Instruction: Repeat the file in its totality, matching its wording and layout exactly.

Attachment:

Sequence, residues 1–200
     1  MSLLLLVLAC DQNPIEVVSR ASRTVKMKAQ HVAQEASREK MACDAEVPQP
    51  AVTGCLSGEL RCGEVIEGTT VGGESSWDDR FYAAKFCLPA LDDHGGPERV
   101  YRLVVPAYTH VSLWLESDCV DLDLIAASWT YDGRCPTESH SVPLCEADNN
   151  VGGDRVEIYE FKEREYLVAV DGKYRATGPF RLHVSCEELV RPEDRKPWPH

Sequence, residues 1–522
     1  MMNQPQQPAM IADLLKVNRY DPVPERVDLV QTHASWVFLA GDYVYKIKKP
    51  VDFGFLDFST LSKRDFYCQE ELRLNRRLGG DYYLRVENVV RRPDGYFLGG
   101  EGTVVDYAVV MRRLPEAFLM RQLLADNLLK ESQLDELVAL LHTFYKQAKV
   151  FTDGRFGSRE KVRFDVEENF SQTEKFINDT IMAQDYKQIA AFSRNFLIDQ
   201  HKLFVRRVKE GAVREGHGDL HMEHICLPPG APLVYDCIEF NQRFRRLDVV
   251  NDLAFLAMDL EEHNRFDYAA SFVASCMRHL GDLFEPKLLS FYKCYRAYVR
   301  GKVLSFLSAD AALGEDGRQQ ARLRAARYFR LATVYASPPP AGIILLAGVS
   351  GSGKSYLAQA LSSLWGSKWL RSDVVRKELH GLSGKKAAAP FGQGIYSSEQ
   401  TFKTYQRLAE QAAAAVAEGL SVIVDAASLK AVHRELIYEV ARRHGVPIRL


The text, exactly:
Sequence, residues 1–200
     1  MSLLLLVLAC DQNPIEVVSR ASRTVKMKAQ HVAQEASREK MACDAEVPQP
    51  AVTGCLSGEL RCGEVIEGTT VGGESSWDDR FYAAKFCLPA LDDHGGPERV
   101  YRLVVPAYTH VSLWLESDCV DLDLIAASWT YDGRCPTESH SVPLCEADNN
   151  VGGDRVEIYE FKEREYLVAV DGKYRATGPF RLHVSCEELV RPEDRKPWPH

Sequence, residues 1–522
     1  MMNQPQQPAM IADLLKVNRY DPVPERVDLV QTHASWVFLA GDYVYKIKKP
    51  VDFGFLDFST LSKRDFYCQE ELRLNRRLGG DYYLRVENVV RRPDGYFLGG
   101  EGTVVDYAVV MRRLPEAFLM RQLLADNLLK ESQLDELVAL LHTFYKQAKV
   151  FTDGRFGSRE KVRFDVEENF SQTEKFINDT IMAQDYKQIA AFSRNFLIDQ
   201  HKLFVRRVKE GAVREGHGDL HMEHICLPPG APLVYDCIEF NQRFRRLDVV
   251  NDLAFLAMDL EEHNRFDYAA SFVASCMRHL GDLFEPKLLS FYKCYRAYVR
   301  GKVLSFLSAD AALGEDGRQQ ARLRAARYFR LATVYASPPP AGIILLAGVS
   351  GSGKSYLAQA LSSLWGSKWL RSDVVRKELH GLSGKKAAAP FGQGIYSSEQ
   401  TFKTYQRLAE QAAAAVAEGL SVIVDAASLK AVHRELIYEV ARRHGVPIRL